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Sunday, 23 November 2014

Flash cookie respawning 'on the wane', say Carnegie Mellon researchers

US— Use of Flash technology to respawn deleted html cookies may be on the wane, according to a study by researchers at Carnegie Mellon University.

In a paper published this week, Aleecia McDonald and Lorrie Faith Cranor reported that they found “no instances at all” of respawning in a randomly-selected group of 500 websites, and only two instances among the most popular 100 websites.

The results are not directly comparable to a study published 18 months ago by another team of Carnegie Mellon researchers, which first drew attention to the problem of respawning, however McDonald and Cranor say: “Our results suggest respawning is not increasing, and may be waning.”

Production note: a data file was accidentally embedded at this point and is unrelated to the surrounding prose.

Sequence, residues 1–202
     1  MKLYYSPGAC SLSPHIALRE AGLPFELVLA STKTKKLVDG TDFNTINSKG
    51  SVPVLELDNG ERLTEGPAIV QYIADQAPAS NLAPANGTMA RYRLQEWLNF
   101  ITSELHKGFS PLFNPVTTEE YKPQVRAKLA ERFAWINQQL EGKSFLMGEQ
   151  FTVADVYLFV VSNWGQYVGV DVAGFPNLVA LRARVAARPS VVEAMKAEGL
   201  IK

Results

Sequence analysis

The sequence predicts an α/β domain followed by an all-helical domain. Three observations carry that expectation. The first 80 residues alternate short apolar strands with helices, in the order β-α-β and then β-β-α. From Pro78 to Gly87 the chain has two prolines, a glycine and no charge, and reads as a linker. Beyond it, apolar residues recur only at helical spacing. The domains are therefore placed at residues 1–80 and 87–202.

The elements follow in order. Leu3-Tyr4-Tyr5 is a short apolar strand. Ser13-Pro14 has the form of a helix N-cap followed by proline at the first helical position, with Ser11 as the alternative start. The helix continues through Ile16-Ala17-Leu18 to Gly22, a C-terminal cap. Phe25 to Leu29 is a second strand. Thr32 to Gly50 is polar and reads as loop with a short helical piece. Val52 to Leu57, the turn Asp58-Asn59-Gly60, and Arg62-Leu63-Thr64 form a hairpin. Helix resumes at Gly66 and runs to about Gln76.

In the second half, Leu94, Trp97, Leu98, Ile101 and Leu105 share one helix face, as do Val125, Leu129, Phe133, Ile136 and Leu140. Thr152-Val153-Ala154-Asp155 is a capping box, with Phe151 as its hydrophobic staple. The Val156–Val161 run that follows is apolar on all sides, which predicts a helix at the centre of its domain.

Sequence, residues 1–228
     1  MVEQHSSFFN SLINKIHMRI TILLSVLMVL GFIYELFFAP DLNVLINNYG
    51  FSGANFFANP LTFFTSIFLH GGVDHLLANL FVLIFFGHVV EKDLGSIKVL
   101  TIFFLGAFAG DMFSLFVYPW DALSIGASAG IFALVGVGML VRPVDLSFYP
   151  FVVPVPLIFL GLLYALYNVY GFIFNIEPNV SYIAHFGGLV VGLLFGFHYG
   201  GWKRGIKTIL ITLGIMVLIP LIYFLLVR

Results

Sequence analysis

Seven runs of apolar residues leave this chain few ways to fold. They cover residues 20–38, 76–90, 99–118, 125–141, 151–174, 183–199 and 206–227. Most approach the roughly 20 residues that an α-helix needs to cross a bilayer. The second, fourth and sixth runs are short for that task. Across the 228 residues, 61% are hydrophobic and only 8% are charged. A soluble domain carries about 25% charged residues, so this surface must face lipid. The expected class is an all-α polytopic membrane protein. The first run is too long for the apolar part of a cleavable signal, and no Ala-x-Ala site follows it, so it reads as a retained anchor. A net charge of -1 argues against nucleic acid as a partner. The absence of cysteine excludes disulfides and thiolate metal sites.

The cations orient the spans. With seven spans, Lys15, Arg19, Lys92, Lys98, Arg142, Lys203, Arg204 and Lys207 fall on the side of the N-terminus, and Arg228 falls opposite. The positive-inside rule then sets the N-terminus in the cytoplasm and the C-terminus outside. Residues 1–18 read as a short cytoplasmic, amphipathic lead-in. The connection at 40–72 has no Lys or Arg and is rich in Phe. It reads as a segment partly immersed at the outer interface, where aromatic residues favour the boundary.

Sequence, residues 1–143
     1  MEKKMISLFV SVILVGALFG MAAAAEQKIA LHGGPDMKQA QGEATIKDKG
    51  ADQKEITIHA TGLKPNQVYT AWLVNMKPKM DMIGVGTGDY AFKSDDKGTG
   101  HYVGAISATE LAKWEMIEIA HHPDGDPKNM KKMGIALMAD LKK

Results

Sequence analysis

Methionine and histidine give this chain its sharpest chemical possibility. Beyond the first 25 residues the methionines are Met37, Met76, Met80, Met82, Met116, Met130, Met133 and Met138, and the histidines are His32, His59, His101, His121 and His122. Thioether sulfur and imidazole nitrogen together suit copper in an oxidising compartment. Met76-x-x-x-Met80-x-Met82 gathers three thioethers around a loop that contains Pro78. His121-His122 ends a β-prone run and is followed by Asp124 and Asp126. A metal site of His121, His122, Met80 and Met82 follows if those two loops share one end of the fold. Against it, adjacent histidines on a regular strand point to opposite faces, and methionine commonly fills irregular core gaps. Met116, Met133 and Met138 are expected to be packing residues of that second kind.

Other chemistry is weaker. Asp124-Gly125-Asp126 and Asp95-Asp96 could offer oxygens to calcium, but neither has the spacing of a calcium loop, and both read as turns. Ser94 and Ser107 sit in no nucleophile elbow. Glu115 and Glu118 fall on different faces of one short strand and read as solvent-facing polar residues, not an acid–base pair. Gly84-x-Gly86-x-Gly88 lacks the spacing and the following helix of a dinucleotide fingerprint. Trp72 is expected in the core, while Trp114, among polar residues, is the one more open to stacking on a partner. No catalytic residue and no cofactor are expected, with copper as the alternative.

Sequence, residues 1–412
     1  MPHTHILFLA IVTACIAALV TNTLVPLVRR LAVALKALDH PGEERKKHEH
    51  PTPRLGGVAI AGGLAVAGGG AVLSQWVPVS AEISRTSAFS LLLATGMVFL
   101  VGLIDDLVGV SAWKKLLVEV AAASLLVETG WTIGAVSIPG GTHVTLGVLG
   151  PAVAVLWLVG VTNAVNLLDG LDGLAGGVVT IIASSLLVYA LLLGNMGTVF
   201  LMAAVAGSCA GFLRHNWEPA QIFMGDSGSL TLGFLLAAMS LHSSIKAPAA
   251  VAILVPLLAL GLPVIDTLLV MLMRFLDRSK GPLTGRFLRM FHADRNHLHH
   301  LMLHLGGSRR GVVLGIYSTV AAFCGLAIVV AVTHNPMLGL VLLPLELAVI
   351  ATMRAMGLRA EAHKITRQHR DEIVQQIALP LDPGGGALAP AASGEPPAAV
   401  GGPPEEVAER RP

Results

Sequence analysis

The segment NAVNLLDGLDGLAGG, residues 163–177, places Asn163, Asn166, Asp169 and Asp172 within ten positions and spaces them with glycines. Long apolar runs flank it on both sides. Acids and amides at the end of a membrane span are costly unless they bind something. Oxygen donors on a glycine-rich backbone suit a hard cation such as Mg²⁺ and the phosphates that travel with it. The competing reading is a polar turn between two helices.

Such a development is to be expected given the weight of attention being paid to the issue of respawning since that first paper. Privacy groups expressed outrage that Flash local shared objects (LSOs – but colloquially referred to as ‘cookies’) could be used to circumvent a web user’s privacy by recreating previously deleted cookies to continue monitoring their behaviour.

The practice drew the ire of Flash developer Adobe, which has since developed an easier way for users to delete LSOs. Web analytics experts also warned companies off using Flash technology as a form of ‘super cookie’, while lawsuits were filed against companies suspected of infringing privacy.

Websites continue to use LSOs as a way of tracking visitor behaviour, according to McDonald and Cranor – at most, 9% of the top 100 and 3.4% of the random 500 sites studied.

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